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2

The problem here is that the += increments the value on the instance rather than on the class itself (meaning that after you use +=, the instance now has a count of 2, but the class-level variable has the original count). To fix the issue, you just need to increment the value on the type (i.e., the class level dictionary) vs. the instance. Here's a minimal ...


2

One way to do this is to use the AcceptableCiphers.fromOpenSSLCipherString constructor. from twisted.internet.ssl import AcceptableCiphers cipherListString = "KRB5-IDEA-CBC-SHA,SEED-SHA".replace(",", ":") acceptableCiphers = AcceptableCiphers.fromOpenSSLCipherString(cipherListString) options = CertificateOptions(..., acceptableCiphers=acceptableCiphers) ...


2

If you're interested in something production worthy I would suggest using django with uWSGI/nginx. Here are the docs for getting started. After you're done hooking up uwsgi you can utilize nginx


2

The logging is interfering with the process's standard out. Try removing the line log.startLogging(sys.stdout) and you should find that raw_input() displays the prompt.


2

You didn't need to write that first file. Instead, twistd -n web --wsgi oms.wsgi.application


2

According to this source for the subprocess module (link) if you call communicate you should not need to close the stdout and stderr pipes. Otherwise I would try: process.stdout.close() process.stderr.close() after you are done using the process object. For instance, when you call .read() directly: output = process.stdout.read() process.stdout.close() ...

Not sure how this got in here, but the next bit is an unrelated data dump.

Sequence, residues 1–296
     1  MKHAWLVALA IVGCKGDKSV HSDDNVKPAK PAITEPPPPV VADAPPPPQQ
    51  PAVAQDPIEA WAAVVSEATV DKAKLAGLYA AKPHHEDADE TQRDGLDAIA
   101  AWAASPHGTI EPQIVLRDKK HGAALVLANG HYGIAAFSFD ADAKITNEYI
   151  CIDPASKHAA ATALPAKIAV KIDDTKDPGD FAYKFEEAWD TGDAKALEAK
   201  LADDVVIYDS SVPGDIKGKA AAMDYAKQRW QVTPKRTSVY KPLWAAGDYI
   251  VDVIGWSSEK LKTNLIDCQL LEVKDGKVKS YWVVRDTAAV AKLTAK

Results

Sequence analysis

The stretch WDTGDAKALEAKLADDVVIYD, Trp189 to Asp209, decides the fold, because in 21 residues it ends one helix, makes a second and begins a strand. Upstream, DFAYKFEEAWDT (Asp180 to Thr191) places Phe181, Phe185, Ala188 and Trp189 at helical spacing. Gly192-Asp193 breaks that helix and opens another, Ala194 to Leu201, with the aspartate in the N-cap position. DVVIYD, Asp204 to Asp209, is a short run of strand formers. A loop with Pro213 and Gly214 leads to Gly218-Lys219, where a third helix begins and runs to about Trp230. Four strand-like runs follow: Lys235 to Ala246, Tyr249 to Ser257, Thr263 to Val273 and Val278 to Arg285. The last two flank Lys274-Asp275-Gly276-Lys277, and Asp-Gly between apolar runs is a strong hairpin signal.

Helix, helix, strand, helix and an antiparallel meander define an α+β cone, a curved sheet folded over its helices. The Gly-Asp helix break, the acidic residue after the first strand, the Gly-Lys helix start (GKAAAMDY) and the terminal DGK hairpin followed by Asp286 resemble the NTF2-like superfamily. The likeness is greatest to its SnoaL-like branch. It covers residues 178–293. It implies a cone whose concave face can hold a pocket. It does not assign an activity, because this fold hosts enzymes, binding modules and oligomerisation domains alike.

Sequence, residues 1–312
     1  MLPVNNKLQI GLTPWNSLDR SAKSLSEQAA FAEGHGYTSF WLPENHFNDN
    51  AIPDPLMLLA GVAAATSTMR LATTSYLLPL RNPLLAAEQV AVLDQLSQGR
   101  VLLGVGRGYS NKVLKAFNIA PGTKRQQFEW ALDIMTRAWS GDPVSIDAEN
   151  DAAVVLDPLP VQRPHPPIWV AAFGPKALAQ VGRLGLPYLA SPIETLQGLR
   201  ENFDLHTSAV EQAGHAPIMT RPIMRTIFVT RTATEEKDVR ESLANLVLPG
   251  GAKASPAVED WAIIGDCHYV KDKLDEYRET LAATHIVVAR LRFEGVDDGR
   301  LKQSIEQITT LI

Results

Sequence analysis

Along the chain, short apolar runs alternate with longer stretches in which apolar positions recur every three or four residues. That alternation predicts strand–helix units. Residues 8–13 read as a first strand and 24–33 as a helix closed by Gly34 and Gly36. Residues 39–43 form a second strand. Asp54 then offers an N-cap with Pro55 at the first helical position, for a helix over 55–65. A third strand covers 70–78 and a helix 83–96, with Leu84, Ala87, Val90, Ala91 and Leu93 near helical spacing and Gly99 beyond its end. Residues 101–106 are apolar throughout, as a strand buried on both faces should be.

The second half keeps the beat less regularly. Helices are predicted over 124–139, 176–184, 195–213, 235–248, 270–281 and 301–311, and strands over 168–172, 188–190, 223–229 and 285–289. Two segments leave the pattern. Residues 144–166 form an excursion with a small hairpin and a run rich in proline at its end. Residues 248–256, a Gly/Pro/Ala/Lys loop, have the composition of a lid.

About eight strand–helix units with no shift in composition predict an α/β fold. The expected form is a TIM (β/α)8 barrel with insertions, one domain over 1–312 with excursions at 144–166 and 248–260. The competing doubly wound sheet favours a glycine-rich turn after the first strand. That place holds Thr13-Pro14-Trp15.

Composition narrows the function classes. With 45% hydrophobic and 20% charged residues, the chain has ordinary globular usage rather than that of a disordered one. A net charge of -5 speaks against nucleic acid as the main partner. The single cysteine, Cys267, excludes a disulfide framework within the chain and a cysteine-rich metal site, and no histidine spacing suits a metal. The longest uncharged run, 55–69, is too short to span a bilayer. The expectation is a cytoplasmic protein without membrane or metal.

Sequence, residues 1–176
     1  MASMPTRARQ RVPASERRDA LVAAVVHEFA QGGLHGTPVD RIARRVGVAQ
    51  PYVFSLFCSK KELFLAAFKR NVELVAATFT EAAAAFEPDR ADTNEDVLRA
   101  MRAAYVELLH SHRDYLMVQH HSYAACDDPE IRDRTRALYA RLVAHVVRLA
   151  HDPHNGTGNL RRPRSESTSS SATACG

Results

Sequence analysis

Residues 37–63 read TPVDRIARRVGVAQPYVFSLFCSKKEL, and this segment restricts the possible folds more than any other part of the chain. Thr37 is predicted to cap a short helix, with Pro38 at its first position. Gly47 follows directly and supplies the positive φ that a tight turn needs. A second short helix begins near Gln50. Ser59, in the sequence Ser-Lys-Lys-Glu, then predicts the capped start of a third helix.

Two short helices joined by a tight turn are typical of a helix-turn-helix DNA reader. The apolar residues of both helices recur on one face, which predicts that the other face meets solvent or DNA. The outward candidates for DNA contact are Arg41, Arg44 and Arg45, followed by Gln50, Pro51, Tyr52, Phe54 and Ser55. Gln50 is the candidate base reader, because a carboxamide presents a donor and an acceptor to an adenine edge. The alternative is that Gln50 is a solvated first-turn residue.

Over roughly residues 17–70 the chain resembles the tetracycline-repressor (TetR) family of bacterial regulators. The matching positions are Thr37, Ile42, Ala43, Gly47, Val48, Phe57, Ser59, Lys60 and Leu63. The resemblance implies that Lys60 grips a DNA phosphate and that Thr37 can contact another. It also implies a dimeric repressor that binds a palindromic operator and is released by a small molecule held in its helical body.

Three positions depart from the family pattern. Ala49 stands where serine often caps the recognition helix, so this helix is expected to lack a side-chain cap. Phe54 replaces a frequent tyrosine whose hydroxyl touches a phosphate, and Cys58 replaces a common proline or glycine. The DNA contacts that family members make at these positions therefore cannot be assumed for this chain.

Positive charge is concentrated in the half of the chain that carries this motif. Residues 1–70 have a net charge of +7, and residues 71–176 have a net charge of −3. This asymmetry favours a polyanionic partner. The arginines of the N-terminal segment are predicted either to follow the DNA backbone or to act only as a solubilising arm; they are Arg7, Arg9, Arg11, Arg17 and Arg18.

2

The "process name" feature you're using works by re-executing the process with a new argv[0]. There is no completely reliable way to save an arbitrary object (like the Application) across this process re-execution. This means that the .py file has to be re-evaluated in the new process to recreate the Application object so twistd knows what you want it to ...


1

Twisted Web lets you interpret HTTP request bodies (regardless of content-type, HTML or otherwise) incrementally as they're received - but it doesn't make doing so very easy. There's a very old ticket that we never seem to make much progress on for improving this situation. Until it's resolved, there probably isn't a better answer than the one I'm about to ...


1

Check this out (take from the github page for twisted): https://github.com/twisted/twisted/blob/trunk/twisted/internet/protocol.py Protocol is a subclass of BaseProtocol, which is also defined in the same .py file. class Protocol(BaseProtocol): """ This is the base class for streaming connection-oriented protocols. If you are going to write a new ...


1

As you say, a second call to Deferred.callback will raise an AlreadyCalledError. It is idiomatic to write code that doesn't trigger this exception, though. Most Deferred-using code I've written or read tries to reserve AlreadyCalledError to indicate programming errors rather than normal runtime conditions that can safely be ignored. So: def ...


1